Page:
Amniocentesis is a procedure in which amniotic fluid is removed from the uterus for testing or treatment. Amniotic fluid is the fluid that surrounds and protects a baby during pregnancy. This fluid contains fetal cells and various chemicals produced by the baby.

Amniocentesis can be done for various reasons:

  • With genetic amniocentesis, a sample of amniotic fluid is tested for certain conditions — such as Down syndrome and spina bifida.
  • With maturity amniocentesis, a sample of amniotic fluid is tested to determine whether the baby's lungs are mature enough for birth.
  • Occasionally, amniocentesis is used to evaluate a baby for infection or other illness.
  • Rarely, amniocentesis is used to decrease the volume of amniotic fluid.

Although amniocentesis can provide valuable information about your baby's health, the decision to pursue invasive diagnostic testing is serious. It's important to understand the risks of amniocentesis — and be prepared for the results.

Why it's done Risks How you prepare What you can expect Results

Amniocentesis is done for different reasons at different stages of pregnancy.

Genetic amniocentesis

Genetic amniocentesis can provide information about your baby's genetic makeup. Generally, genetic amniocentesis is offered when the test results might have a significant impact on the management of the pregnancy — or your desire to continue the pregnancy. Typically, the value of this information can only be assessed by you and your partner.

Genetic amniocentesis is usually done after week 15 of pregnancy. Rarely, genetic amniocentesis might be done as early as week 11 of pregnancy.

You might consider genetic amniocentesis if:

  • You had positive results from a prenatal screening test. If the results of a screening test — such as the first trimester screen or noninvasive prenatal testing — are positive or worrisome, you might opt for amniocentesis to confirm or rule out a diagnosis.
  • You had a chromosomal condition or a neural tube defect in a previous pregnancy. If a previous pregnancy was affected by Down syndrome or a neural tube defect — a serious condition affecting the brain or spinal cord — this pregnancy is at higher risk, too.
  • You're 35 or older. Babies born to women 35 and older have a higher risk of chromosomal conditions, such as Down syndrome.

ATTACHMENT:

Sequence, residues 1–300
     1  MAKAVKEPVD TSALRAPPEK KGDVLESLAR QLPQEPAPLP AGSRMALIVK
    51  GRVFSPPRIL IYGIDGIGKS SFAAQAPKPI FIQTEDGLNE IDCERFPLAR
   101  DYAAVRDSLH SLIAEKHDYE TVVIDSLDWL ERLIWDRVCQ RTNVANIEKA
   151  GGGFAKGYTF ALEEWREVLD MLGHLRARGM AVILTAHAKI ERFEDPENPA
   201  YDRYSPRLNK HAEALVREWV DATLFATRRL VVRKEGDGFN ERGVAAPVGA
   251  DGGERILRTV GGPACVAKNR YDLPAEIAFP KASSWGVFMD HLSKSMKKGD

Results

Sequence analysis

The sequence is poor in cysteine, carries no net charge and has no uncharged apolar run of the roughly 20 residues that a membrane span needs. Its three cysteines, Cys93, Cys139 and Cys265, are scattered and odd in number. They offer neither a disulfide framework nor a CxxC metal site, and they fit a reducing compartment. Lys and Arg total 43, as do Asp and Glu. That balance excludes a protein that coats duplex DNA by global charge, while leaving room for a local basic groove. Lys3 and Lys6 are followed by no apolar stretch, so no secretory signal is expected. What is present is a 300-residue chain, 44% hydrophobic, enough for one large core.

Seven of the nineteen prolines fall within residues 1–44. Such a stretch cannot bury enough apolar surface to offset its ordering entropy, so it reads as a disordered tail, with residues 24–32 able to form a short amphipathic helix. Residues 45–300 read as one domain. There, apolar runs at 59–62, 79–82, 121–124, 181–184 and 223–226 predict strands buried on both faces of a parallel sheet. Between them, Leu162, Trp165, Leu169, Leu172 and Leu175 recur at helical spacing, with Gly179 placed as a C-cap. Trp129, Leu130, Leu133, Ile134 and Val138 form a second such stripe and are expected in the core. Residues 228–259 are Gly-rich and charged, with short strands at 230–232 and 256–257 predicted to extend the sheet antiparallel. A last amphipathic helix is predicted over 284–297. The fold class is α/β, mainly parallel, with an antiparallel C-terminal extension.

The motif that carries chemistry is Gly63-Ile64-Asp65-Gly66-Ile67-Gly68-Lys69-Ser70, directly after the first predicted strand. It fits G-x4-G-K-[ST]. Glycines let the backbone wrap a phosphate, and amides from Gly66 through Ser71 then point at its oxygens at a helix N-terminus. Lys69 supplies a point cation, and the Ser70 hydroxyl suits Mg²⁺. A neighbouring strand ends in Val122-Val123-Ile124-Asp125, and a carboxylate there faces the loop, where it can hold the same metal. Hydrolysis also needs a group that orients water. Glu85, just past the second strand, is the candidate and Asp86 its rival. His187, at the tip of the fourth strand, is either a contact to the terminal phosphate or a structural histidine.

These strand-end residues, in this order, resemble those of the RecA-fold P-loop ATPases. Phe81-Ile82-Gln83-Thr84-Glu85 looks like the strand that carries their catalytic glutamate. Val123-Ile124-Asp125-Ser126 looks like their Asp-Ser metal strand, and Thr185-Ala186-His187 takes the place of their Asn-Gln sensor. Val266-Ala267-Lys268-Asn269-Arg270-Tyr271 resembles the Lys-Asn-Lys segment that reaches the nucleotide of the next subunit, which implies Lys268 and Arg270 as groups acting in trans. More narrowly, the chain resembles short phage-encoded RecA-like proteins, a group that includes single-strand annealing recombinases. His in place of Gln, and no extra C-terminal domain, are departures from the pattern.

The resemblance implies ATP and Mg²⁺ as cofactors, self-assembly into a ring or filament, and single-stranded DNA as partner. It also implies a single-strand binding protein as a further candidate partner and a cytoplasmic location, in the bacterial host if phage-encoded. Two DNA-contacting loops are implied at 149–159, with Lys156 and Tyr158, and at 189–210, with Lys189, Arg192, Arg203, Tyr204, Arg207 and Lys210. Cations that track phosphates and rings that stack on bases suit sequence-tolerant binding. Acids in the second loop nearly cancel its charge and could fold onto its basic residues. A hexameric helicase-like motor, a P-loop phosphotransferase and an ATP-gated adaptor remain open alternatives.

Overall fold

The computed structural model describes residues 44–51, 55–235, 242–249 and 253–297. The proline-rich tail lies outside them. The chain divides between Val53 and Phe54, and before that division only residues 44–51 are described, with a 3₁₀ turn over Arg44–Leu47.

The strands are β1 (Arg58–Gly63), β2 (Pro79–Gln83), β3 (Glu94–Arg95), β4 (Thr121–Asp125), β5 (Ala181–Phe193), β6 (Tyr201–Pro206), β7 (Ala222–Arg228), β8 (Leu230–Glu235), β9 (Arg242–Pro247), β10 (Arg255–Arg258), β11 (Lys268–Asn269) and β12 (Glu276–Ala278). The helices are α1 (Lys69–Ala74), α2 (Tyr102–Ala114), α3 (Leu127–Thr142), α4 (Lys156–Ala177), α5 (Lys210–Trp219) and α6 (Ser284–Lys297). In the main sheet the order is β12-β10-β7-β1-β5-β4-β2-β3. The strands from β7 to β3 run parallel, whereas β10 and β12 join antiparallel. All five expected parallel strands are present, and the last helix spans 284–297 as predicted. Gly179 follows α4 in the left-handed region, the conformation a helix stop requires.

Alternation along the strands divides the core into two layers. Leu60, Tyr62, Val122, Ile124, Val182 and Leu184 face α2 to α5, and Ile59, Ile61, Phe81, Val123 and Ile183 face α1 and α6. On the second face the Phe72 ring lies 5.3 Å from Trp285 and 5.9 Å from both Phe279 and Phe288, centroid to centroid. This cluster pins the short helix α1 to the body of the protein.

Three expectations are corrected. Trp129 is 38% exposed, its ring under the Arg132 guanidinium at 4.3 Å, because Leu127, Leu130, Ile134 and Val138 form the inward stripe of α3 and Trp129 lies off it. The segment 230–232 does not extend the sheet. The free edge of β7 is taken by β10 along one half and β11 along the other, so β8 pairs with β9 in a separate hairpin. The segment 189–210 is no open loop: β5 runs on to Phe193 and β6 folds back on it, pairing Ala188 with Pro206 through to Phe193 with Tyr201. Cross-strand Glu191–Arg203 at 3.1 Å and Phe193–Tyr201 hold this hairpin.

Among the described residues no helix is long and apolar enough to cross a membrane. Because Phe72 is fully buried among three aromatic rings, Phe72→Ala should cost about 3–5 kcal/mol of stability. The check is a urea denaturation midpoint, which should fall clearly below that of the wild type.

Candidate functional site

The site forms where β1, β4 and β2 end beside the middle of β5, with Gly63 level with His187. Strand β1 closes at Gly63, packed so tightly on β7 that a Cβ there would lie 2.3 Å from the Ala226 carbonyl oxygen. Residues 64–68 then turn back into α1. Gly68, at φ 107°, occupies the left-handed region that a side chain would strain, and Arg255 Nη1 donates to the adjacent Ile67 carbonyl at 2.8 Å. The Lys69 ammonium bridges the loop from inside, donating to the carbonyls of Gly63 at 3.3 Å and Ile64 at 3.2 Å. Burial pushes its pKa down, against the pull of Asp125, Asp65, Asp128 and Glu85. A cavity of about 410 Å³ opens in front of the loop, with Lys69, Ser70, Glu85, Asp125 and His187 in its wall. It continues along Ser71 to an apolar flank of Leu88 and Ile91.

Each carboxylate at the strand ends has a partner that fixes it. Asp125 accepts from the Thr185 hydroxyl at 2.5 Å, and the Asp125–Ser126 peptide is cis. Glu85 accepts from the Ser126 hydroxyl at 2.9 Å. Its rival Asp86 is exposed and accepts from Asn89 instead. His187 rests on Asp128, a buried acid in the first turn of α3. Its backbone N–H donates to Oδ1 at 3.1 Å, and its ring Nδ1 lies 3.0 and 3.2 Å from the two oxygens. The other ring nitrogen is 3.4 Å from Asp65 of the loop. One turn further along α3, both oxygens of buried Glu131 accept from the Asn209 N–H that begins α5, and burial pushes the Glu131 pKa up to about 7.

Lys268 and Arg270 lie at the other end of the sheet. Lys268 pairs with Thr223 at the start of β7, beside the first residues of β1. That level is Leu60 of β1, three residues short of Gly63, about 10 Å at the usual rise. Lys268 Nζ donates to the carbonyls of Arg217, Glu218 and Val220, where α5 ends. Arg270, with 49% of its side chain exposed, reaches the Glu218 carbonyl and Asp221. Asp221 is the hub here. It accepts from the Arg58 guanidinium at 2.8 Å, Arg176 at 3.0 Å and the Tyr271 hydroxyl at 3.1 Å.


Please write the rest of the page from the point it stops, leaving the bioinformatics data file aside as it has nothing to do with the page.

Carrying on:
• You have a family history of a specific genetic condition, or you or your partner is a known carrier of a genetic condition. In addition to identifying Down syndrome and spina bifida, amniocentesis can be used to diagnose many other conditions — such as cystic fibrosis.

Maturity amniocentesis

Maturity amniocentesis can determine whether a baby's lungs are ready for birth. This type of amniocentesis is done only if early delivery — either through induction or C-section — is being considered to prevent pregnancy complications for the mother. It's usually done between 32 and 39 weeks of pregnancy. Earlier than 32 weeks, a baby's lungs are unlikely to be fully developed.

Other reasons for amniocentesis

Occasionally amniocentesis is used to:

  • Evaluate a baby for infection or other illness
  • Decrease the volume of amniotic fluid
  • Evaluate the severity of anemia in babies who have Rh sensitization — an uncommon condition in which a mother's immune system produces antibodies against a specific protein on the surface of the baby's blood cells

Your health care provider might caution against amniocentesis if you have:

  • Placental problems, including the placenta partially or totally covering the cervix (placenta previa) or the placenta peeling away from the inner wall of the uterus before delivery (placental abruption)
  • A history of premature labor before 34 weeks of pregnancy
  • An incompetent cervix — a condition that occurs when weak cervical tissue causes or contributes to premature birth or the loss of an otherwise healthy pregnancy

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